Gravitational stress in general and microgravity (μg) in particular are regarded as major stress factors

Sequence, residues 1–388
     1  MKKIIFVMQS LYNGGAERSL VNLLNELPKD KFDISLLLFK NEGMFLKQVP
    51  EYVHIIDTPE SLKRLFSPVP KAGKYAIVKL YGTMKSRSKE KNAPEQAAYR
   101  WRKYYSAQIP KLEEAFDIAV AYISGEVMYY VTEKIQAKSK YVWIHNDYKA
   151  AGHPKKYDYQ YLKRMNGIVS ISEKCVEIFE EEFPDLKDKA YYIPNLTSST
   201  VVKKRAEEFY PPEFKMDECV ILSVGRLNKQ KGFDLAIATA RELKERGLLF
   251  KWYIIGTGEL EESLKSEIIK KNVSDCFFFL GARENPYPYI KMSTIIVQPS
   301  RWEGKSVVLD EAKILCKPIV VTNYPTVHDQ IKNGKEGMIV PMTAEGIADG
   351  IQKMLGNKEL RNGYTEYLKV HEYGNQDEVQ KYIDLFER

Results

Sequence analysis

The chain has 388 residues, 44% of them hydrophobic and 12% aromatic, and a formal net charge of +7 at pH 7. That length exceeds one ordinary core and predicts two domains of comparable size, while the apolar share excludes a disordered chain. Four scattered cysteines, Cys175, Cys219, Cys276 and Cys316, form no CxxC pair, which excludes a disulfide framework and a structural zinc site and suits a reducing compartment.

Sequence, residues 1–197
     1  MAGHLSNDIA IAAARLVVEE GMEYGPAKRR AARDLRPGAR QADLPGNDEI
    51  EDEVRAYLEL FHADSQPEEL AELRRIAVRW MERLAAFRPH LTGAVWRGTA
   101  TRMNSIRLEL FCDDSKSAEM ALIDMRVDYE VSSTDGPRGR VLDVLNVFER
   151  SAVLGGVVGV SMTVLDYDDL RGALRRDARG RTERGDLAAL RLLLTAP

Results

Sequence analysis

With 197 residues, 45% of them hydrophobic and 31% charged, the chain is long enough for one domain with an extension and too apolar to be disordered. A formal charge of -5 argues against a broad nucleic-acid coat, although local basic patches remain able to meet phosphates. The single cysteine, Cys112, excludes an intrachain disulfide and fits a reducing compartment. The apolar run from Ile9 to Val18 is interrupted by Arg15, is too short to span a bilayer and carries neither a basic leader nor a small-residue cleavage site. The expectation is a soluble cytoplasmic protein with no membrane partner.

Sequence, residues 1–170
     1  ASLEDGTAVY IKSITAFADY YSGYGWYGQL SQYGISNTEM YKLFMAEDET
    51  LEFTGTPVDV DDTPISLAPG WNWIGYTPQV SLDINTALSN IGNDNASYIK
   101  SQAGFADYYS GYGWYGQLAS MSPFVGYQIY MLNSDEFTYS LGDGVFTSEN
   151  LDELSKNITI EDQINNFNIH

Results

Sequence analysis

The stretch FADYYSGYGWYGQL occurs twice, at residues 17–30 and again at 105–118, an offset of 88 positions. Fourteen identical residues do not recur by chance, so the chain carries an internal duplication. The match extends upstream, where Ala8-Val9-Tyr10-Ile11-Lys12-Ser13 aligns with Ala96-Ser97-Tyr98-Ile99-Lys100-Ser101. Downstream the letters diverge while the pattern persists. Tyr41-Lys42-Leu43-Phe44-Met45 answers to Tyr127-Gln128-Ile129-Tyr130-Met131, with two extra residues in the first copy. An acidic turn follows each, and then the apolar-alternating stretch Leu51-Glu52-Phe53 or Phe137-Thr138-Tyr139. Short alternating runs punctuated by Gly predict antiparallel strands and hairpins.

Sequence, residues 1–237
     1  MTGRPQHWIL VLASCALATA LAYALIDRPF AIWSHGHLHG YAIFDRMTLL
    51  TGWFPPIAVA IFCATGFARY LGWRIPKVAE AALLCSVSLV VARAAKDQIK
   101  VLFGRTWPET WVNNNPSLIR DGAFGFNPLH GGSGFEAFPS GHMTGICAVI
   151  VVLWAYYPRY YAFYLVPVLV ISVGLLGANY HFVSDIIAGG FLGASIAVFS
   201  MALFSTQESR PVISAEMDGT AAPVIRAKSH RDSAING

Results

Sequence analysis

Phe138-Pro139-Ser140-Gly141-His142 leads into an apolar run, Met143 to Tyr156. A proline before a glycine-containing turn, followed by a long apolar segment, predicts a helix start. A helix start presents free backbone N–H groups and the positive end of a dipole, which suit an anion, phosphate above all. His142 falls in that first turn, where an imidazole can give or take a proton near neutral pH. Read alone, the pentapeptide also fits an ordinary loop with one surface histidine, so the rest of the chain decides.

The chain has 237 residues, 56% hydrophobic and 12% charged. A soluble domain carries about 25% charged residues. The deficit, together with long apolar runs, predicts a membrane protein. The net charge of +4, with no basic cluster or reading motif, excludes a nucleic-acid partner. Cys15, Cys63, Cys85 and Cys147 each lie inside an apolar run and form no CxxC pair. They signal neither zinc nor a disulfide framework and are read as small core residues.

responsible for immune system dysfunction in space. To assess the effects of alternating μg and hypergravity (hyperg) on immune cells, the attachment of peripheral blood mononuclear cells (PBMCs) to adhesion molecules under flow conditions and the antigen-induced immune activation in whole blood were investigated in parabolic flight (PF). In contrast to hyper-g (1.8 g) and control conditions (1 g), flow and rolling speed of PBMCs were moderately accelerated during μg-periods which were accompanied by a clear reduction in rolling rate. Whole blood analyses revealed a “primed” state of monocytes after PF with potentiated antigen-induced pro-inflammatory cytokine responses. At the same time, concentrations of anti-inflammatory cytokines were increased and monocytes displayed a surface molecule pattern that indicated immunosuppression. The results suggest an immunologic counterbalance to avoid disproportionate immune responses. Understanding the interrelation of immune system impairing and enhancing effects under different gravitational conditions may support the design of countermeasures to mitigate immune deficiencies in space.